Twice a day
Twice a day at around 9Am and between 3-9PM a 10-20 freight train passes behind the berm , fence and planting buffer of 408 Sir Walker Lane. It passes quickly at a slow speed, it is just 10-20 cars, and because there isn’t a cross street by the house there isn’t a sound of brakes, just a clattering of wheels that you have to listen for to hear from inside the house. Maybe you can hear an occasional whistle off in the distance, it’s a romantic sound that has mostly disappeared from the Triangle. Take a look at the video at the bottom of the page of the train passing. It went by in 1 minute and 44 seconds.
Rails to Trails
In years past NC was a mostly a state of tobacco farmers and textile workers. Trains moved the products from one small town to another heading off to the factories located in the cities. Passenger trains have never made economical sense in the South because the population density couldn’t support them. Freight trains moved goods fast and efficiently.
In NC almost all of the textile mills are gone now. Some of the old buildings have been recycled into shops and restaurants adding charm to modern life. The tobacco farms are gone too. The government stopped tobacco subsidies in the early 2000’s so farmers turned their fields into other crops and lots of subdivisions.
The old railroad beds have been torn up and turned into trails in many places. The American Tobacco Trail is a great example of what is being done with the obsolete tracks. Spanning almost 24 miles it passes through Durham, Wake and Chatham Counties.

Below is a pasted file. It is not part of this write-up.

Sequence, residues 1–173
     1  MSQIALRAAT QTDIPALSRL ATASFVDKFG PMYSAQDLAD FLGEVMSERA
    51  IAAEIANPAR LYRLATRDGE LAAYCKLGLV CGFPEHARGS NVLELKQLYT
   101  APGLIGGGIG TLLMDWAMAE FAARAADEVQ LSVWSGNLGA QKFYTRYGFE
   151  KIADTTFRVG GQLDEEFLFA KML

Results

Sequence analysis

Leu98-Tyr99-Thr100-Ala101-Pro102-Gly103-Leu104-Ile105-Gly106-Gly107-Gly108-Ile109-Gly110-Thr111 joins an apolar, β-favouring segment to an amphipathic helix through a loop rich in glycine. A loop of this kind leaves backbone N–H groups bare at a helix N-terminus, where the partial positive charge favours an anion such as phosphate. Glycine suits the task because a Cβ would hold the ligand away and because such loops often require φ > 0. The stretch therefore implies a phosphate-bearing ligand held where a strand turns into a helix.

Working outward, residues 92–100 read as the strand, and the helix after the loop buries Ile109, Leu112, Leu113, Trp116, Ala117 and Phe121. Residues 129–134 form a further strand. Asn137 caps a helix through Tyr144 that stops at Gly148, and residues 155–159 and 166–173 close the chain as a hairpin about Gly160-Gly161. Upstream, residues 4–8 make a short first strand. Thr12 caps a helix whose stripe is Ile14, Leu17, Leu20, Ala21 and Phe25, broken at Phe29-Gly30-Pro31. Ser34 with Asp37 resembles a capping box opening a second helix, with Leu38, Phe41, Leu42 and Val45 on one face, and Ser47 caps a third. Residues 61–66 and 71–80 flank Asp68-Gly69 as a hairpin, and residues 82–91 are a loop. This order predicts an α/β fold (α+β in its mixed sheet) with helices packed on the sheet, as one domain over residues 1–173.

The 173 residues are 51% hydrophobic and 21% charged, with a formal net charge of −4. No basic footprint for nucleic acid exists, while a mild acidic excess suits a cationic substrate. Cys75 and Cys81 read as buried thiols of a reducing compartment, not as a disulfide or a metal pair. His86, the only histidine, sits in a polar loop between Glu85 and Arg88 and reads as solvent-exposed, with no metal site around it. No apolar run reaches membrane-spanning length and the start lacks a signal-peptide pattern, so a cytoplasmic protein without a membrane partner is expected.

CXS, previously D&S
The info below can be found in the origional article from AmericanRails.com
Despite the road’s small size at less than 60 miles in length it served the growing Piedmont region of North Carolina, which at the time boasted a strong industrial base in textiles and tobacco.
The railroad would become part of the Seaboard Coast Line system in the late 1970s. Unfortunately, after CSX Transportation was formed most of the D&S was either outright abandoned or sold. Today, just a short segment of the original main line is still active.
Today, CSX continues to use the Durham to Apex route, 20.7 miles, although the rest of the original D&S has long since been abandoned with some sections turned into local rail/trails.
This info can be found on Trainorders.com
Durham-Apex remains in CSX service, although it’s 10-20 mph track. The D&S is CSX’s only access into Durham; the ex-SAL branch into Durham from the north was severed 25+ years ago.
Headed south from Apex, the D&S was pulled up completely, and in many places the rapid development of Wake County has obliterated the roadbed. When the large plant at Erwin closed, that end of the line was pulled up too. Erwin-Dunn survives as a trail.